The battle between Yes and No and being part of history

Jon Skinner, The Core Agency
By Jon Skinner, The Core Agency | 7 December 2017
Jon Skinner

With the government in the final stages of passing the same-sex marriage bill, it marks the final chapter of what’s been a fascinating, if not occasionally polarising, journey for the advertising industry.

The battle between Yes and No started for our agency in April 2016 when we received a call from the organisers of the Yes vote, Australian Marriage Equality, asking us to pitch for their branding strategy and identity creative development. Needless to say, we jumped at it. It’s not every day you get asked to play a role in an historic Australian event. While we have a great collection of brands on our client list, there is something extra special about the opportunity to help stand up for something you truly believe in.

Our branding concept was simple in that it used the rainbow colours on all the states and territories to show how Australia had previously unified for a greater good - federation. Coupled with the EQUALITY banner message it was bright and optimistic without being overtly ‘Oxford St’.

The central requirement was always to engage and promote messages of fairness and equality for all - to the people of Tangalooma, Taree and beyond, not just Sydney's Taylor Square. The measure of success for the brand set by Tiernan Brady and his team was how widely it was adopted by the many diverse campaign groups, like-minded businesses and of course the broader community.

We needed to encourage discussion around the broader concept of equality, rather than the narrower discussion about the meaning of marriage itself. The campaign had not even started yet and the public were already showing signs of fatigue over the issue. Maintaining interest and motivation to vote were critical.

In the months that followed, the Yes campaign got into gear as the machinations of Canberra did its best to reframe the debate, move the goalposts and deny ordinary Aussies the tick boxes they had been promised. An enthusiastic group of agencies and production houses got onboard the Yes campaign to offer their creative services and facility favours.

Though, looking back at the assorted campaigns that rolled out during the lead up to the postal survey, it’s fair to say the work was, with very few exceptions, pretty average for what is such a powerfully emotive subject. When you look back at other landmark social issue ads such as the Grim Reaper commercial during the HIV/AIDS era, I am pretty sure none of us will be talking about any of this work in 30 years’ time.

Probably the biggest production for the Yes campaign showed a growing band of Aussies marching down to the local postbox to pop their envelopes in the slot. Though, even an appearance by Thorpie couldn’t lift the execution to match the emotional power of the Irish same-sex marriage referendum spot it was modelled on. It came down to like-minded big brands such as ANZ with its fantastic, ‘Hold tight’ campaign to deliver great and timely work.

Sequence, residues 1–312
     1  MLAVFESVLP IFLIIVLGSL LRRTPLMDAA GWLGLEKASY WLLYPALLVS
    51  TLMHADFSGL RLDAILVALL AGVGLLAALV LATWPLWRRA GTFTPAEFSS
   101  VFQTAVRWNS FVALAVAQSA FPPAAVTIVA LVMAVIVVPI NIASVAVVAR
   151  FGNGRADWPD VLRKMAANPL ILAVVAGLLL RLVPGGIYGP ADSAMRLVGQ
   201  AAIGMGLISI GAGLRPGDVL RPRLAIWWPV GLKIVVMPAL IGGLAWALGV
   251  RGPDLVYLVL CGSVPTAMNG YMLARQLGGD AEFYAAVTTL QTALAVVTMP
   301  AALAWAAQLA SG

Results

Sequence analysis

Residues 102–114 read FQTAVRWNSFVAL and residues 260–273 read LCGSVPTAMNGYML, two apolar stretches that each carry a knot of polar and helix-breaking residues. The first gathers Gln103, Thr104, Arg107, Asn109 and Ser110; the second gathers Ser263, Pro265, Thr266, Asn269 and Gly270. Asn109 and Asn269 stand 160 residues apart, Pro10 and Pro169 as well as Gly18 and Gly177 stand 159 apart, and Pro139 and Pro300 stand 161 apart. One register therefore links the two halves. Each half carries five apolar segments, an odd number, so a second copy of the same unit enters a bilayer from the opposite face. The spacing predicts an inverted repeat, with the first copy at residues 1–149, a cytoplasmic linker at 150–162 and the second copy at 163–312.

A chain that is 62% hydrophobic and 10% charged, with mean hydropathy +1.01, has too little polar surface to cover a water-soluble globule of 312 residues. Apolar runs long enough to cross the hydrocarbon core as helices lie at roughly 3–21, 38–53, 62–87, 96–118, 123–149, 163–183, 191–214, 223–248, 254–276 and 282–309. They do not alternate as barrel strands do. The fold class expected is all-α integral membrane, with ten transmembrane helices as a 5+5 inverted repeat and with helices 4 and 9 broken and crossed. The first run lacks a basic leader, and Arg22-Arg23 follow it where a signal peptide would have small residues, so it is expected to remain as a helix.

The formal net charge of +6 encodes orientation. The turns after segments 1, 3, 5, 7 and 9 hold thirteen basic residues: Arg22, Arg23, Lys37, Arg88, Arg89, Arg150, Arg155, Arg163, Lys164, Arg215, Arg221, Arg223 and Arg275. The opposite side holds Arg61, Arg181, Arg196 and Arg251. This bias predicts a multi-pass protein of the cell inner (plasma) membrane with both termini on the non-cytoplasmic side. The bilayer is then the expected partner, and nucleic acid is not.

One of the major and most polarising talking points of the campaign was the ‘Say No to No’ campaign. The concept was basically a petition to creative agencies, media companies, photographers and directors to not do any work promoting the NO campaign.

And this is where we get to the weird juncture in this story.

I remember when one of our art directors came to tell me about it and it immediately sat uncomfortably with me. While myself and the agency, by definition, were passionate supporters of the Yes campaign, there was something just not right about signing up to a petition that sought to restrict the No campaign’s access the persuasion and production skills of our industry. While I think it was successful in its aim of further ostracising the No camp, I don’t believe it did our industry any favours when the story was picked up and reported in the mainstream media.

Surely the ambition of advertising is to be the place where big ideas go into battle?

Where brands, organisations and causes try to out-reason each other?

To provide informed and compelling arguments rather than just gag, stifle or shut down the other side of the debate? I would argue that the initiative could have done more harm than good, with fair-minded mainstream Aussies preferring to hear both sides of a debate before making up their own minds.

Fast forward to 15 November when our agency was crowded into the boardroom to watch the result from the postal survey get announced live on TV. After the seemingly endless preamble by the nation’s top statistician (forgive him, it isn’t every day a statistician gets a captive audience…) we finally discovered that Australia had voted Yes with a proportion of 61.6%. A cheer went up and a sense of satisfaction swept through the whole agency knowing, in a small way, we had contributed to one of the largest acts of democracy in recent years.

And now, this week with the law (hopefully) being rubber stamped, it’s still hugely satisfying to see people wearing EQUALITY branded t-shirts knowing a piece of work we have created will mean so much to them for years to come.

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